238 Monday Musings – A disturbing epiphany
Last week I had a disturbing epiphany as I met my school English teacher after decades when I visited her in the school she teaches now in Bhubaneswar. The joy of seeing her is beyond description. I saw in amazement how she is still the same - selfless, soft, warm but reticent in her expression of warmth. I can only hope that she would have seen in me that her work has had unimaginable powers and would have added to her faith in what she has been doing all these decades.
I told her in the brief meeting that my lasting regret in life was not to have studied literature, considering that she taught us English, and that I wasted my prime studying the eminently boring and unimaginative world of the sciences. I wanted to tell her more and more about this regret, the pursuit of which was curtailed by the overhang of paucity of time in our rather short meeting. I wanted to tell her that more damage has been done to Indian youth by the pursuit of making them engineers and doctors in the last few decades that the collective damage unleashed by TV, drugs, burgers and Baywatch, the quartet I believe are each devastating enough in their own might. I wanted to tell her that she should have told me then and there that I should have taken languages as my vocation and not bothered to tame the calculus, Newtonian mechanics and pharmacopoeia, which in any case I have not used to change even a bulb or change diapers after having spent sleepless nights agonizing over it.
As I was coming out of the school I was taken to a room where over a dozen students were studying earnestly for their IIT. On a notecopy opened in front of me was the scary serpent of the integrative calculus and I realized that calculus is still out in the open – traumatizing yet another generation. Someone should take retributive if not legislative action on calculus! Don’t they have courts or public interest litigation around these things? Can’t we have a signature campaign to ban calculus before the age of 60 – I guess only the senile should study it but that is exactly what you become if do study it before 60. I desperately wanted to ask the hapless child if he liked languages or sports but did not have the courage. I had a disturbing epiphany – the more things changed the more they remained same.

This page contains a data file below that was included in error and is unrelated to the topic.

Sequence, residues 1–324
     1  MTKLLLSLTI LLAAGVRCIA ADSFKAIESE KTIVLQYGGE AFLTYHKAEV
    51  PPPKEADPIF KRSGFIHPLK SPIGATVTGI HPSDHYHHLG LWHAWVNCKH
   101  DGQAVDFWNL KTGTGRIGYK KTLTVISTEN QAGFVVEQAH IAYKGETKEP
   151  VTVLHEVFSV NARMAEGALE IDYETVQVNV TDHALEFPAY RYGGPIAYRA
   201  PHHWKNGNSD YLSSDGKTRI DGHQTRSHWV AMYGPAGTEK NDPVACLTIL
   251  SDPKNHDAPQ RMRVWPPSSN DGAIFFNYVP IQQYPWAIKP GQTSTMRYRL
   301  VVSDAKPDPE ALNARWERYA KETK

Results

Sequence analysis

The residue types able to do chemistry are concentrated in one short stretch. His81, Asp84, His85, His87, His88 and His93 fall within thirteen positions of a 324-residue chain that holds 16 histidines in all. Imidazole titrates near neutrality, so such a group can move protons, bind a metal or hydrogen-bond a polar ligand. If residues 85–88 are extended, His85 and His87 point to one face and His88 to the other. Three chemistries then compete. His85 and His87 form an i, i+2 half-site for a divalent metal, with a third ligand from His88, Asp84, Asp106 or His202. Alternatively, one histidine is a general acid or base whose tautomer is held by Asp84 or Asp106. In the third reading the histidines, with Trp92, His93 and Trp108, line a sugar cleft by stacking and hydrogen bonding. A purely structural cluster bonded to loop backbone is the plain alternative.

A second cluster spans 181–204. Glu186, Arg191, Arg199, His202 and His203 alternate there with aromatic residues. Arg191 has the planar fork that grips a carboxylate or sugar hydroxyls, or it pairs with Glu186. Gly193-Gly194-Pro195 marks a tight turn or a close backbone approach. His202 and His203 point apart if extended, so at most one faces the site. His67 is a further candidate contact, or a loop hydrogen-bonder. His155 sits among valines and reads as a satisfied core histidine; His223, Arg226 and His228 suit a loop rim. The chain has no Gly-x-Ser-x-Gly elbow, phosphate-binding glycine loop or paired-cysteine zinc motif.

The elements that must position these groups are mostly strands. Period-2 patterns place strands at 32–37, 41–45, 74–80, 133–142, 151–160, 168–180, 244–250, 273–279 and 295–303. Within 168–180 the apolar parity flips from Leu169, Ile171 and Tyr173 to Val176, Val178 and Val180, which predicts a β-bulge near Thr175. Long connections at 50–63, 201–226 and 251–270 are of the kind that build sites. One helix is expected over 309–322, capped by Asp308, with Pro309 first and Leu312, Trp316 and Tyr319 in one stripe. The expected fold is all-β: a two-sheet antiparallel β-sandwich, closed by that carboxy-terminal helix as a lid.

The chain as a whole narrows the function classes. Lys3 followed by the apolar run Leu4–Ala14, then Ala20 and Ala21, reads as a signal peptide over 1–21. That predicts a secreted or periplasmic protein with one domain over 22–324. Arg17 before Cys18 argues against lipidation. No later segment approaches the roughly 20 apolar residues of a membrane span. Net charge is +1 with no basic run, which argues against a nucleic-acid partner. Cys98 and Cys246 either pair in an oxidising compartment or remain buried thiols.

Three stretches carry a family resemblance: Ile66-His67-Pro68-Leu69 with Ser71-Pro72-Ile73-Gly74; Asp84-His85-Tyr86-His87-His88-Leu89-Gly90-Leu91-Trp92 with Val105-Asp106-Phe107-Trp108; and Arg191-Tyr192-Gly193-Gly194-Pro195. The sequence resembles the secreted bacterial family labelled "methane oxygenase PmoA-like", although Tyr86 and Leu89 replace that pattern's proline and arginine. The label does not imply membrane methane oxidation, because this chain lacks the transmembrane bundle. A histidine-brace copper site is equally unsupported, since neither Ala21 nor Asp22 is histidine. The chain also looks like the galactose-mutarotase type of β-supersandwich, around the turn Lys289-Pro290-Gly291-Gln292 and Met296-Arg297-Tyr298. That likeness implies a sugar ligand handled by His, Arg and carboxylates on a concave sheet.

On my journey back, i remembered every one of my classmates in school, how they were, what were they instinctively and intuitively good at and what career choices they made, how aligned these choices were to their natural flair and most importantly how much of what they studied are they using in the work that they are doing today. I will keep the good doctor in the batch out of this list on humanitarian grounds, but when I think of a person from my batchmates in school who are doing anything remotely productive with their education, I can come up with only one bloke, who after his hotel management degree, cooks Indian food and sells Indian tea in London to bored and nostalgic Indians and the exotic obsessed Brits. I would have never imagined way back that he would ever feature in a list I will make which has praise for him, but one must give any devil his dues!!. So hats off Awinish – keep fleecing the Brits – they deserve it.
As for the rest – wait for your epiphany. Disturbance is guaranteed.